Thursday, July 31, 2014

Don't die.

I haven't aged into the colonoscopy demo yet, but it'll be here soon enough. As it is, a few years back I reached that age where your annual physical involves the doctor putting things into places from which things usually only come out.

And the time for my physical came again, so I girded my loins and clenched my duodenum and off I went.


At my advanced age and hard-won wisdom I know how to deal with unpleasant things---you lie and say you had a work emergency and promise to reschedule.

But that wasn't what I did, not this time. I've written about my friend who died suddenly late last year, no warning, natural causes. I was thinking of him as the day of my physical approached. I don't think he was good about preventive care. I suspect his death could have been prevented, or at least postponed.

So I went.

The doc was happy enough with my health, at least pending the results of the blood and urine test. I guess I won't die of natural causes right away. Although I've done a lot of work with medical copy and I know all kinds of things can sneak up on you and kill you while you feel perfectly fine. Of course, the problem with working on medical copy is that you come down with everything you study.

No one put it finer than Jerome K. Jerome in his classic Three Men in a Boat, describing the condition my wife and I have come to know as Real Housemaid's Knee:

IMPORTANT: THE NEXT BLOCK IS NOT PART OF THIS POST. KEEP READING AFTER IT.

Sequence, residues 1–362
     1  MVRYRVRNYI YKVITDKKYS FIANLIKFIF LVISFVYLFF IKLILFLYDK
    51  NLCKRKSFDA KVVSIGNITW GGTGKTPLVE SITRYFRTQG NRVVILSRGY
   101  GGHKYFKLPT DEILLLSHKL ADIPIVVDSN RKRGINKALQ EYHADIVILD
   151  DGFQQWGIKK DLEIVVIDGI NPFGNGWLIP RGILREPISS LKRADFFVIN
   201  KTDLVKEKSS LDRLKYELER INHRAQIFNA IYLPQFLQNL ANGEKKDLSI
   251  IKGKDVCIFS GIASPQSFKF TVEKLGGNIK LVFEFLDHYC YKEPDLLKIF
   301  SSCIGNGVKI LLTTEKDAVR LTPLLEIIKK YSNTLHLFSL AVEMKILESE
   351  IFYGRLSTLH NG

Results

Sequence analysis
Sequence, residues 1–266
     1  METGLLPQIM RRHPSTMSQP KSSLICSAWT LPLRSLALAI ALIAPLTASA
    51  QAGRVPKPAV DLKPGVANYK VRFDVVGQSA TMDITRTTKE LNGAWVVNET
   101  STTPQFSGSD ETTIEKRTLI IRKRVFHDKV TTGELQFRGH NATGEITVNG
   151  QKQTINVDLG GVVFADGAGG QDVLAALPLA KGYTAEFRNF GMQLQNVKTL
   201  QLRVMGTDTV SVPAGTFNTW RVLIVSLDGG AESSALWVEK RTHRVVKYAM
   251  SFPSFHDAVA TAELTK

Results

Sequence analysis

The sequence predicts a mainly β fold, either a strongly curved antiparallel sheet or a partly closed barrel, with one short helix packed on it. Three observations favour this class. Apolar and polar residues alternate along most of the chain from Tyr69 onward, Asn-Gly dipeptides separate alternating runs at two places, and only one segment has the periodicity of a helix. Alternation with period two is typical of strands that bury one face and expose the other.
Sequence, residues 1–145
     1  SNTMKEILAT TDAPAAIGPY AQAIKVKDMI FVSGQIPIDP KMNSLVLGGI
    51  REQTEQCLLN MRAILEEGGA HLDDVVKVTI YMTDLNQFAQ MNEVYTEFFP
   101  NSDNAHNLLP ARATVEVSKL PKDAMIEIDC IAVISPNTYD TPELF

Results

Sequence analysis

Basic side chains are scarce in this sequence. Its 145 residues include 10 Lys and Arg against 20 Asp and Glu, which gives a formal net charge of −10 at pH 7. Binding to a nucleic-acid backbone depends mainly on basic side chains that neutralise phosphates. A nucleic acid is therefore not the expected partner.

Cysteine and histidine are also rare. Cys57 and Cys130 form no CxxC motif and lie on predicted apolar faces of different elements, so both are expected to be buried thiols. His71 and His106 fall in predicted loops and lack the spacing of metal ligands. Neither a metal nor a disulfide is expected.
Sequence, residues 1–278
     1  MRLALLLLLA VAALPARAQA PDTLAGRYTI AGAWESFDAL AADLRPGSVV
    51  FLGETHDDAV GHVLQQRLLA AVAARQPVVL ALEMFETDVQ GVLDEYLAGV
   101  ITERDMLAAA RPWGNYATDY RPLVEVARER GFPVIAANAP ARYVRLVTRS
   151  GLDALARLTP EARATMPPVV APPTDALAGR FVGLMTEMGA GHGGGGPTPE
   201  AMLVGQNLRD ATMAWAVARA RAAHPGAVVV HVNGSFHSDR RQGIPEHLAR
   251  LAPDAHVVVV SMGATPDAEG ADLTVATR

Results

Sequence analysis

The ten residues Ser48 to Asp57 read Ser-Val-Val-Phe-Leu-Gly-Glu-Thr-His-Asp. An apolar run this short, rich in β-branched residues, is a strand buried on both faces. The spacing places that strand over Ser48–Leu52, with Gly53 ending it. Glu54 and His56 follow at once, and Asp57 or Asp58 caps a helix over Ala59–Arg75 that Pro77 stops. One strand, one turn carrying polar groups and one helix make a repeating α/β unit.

It is a most extraordinary thing, but I never read a patent medicine advertisement without being impelled to the conclusion that I am suffering from the particular disease therein dealt with in its most virulent form.  The diagnosis seems in every case to correspond exactly with all the sensations that I have ever felt.
I remember going to the British Museum one day to read up the treatment for some slight ailment of which I had a touch—hay fever, I fancy it was.  I got down the book, and read all I came to read; and then, in an unthinking moment, I idly turned the leaves, and began to indolently study diseases, generally.  I forget which was the first distemper I plunged into—some fearful, devastating scourge, I know—and, before I had glanced half down the list of “premonitory symptoms,” it was borne in upon me that I had fairly got it. 
I sat for awhile, frozen with horror; and then, in the listlessness of despair, I again turned over the pages.  I came to typhoid fever—read the symptoms—discovered that I had typhoid fever, must have had it for months without knowing it—wondered what else I had got; turned up St. Vitus’s Dance—found, as I expected, that I had that too,—began to get interested in my case, and determined to sift it to the bottom, and so started alphabetically—read up ague, and learnt that I was sickening for it, and that the acute stage would commence in about another fortnight.  Bright’s disease, I was relieved to find, I had only in a modified form, and, so far as that was concerned, I might live for years.  Cholera I had, with severe complications; and diphtheria I seemed to have been born with.  I plodded conscientiously through the twenty-six letters, and the only malady I could conclude I had not got was housemaid’s knee.